Small businesses struggle with record worker shortage
MONTGOMERY, Ala. (WSFA) - Alabama has a record number of jobs available but employers are struggling to find people to work.
Cara’s Café in Wetumpka just opened its second location in the town of Pike Road, and employee Michael Forsley said the family-owned business has big plans for the new place, but they are struggling to find people to hire.
“I’ve been in this town for about 10 years and just can’t find anybody to work,” Forsley said. “Right now I think we’re staffed with about three to four people for a place with a capacity of 113.”
Cara’s Café is not alone, a new report released by the National Federation of Independent Businesses (NFIB) shows a record 44% of small business owners being unable to fill open positions in April. That percentage is 22 points higher than NFIB’s 48-year historical average, and two points higher than March’s 42% figure.
In Montgomery, “now hiring” and “help wanted” signs can be found all over the city. NFIB State Director Rosemary Elebash said the worker shortage right now is alarming, and it’s not just happening in large cities.
“If you want a job, you can find a job,” Elebash said.
“When you talk about businesses that are having to adjust their hours because they don’t have employees, I just don’t think we’ve ever seen that before. We’ve been through recessions where people were struggling to look for a job, but now you’ve got employees struggling to find workers, so this is a reverse from what we’ve seen over the decades and it’s highly unusual,” Elebash went on to say.
According to the new NFIB report, April is the third consecutive month with a record number of unfilled job openings among small businesses. Elebash said several factors amid the pandemic contribute to the shortage, like parents still needing to stay home with their children, fear of the coronavirus, and enhanced unemployment benefits.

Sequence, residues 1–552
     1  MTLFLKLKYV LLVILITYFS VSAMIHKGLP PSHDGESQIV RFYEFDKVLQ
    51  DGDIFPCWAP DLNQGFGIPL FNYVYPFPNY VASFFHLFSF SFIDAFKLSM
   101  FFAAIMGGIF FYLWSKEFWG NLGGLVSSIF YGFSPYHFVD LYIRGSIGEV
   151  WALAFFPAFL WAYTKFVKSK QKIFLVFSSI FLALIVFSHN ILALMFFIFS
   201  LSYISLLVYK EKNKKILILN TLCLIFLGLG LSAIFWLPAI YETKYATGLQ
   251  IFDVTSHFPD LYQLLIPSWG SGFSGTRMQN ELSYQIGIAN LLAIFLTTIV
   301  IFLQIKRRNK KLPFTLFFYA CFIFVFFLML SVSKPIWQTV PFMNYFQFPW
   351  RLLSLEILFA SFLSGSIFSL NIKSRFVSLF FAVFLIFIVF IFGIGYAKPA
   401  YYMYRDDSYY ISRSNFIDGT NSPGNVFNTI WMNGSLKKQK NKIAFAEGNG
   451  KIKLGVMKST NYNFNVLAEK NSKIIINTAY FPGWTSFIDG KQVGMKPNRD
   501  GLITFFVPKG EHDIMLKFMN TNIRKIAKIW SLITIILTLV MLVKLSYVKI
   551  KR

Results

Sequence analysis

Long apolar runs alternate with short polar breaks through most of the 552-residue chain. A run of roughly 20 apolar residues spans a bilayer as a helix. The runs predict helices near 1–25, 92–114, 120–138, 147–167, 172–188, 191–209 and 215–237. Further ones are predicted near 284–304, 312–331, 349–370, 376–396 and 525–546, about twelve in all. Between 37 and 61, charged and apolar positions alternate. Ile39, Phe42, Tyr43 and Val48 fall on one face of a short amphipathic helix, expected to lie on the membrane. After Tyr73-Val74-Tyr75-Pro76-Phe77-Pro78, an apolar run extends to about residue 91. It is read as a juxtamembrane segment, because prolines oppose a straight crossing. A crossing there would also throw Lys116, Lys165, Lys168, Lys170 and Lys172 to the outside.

Elebash predicts that if the historically high numbers continue, it could have major impacts on the state’s tax collections.
“We’ve maintained good budgets in Alabama, both budgets have passed, but as you see the shortage of workers, as you see businesses reducing their hours, you’re going to see a reduction in tax collections because if you’re not open you’re not selling and that’s going to be an impact,” Elebash said. “I don’t know that we’ll see it until probably the fourth quarter, but likely it’s going to have an impact if these historically high percentages maintain through not only this quarter but the third quarter.”
Overall, the report said 59% of small business owners reported hiring or trying to hire in April, up three points from March’s reading. The report also went on to say that owners have plans to fill open positions with a seasonally adjusted net 21% planning to create new jobs in the next three months.
For the small businesses that are open, like Cara’s, they can only hope they get the manpower they need to keep the doors open.
“Please come on down, we need your help,” Forsley said.
The American Rescue Plan passed by Congress in March extended the $300 bonus checks for unemployed workers until Sept. 6. Elebash says by the fourth quarter, Alabama will be able to assess the impact the worker shortage has had on the state with that in mind.
“I would just encourage people that this is an opportunity for you, maybe you haven’t been trained before but there’s a real opportunity for you now to start not only with a job, but possibly a career,” Elebash said.
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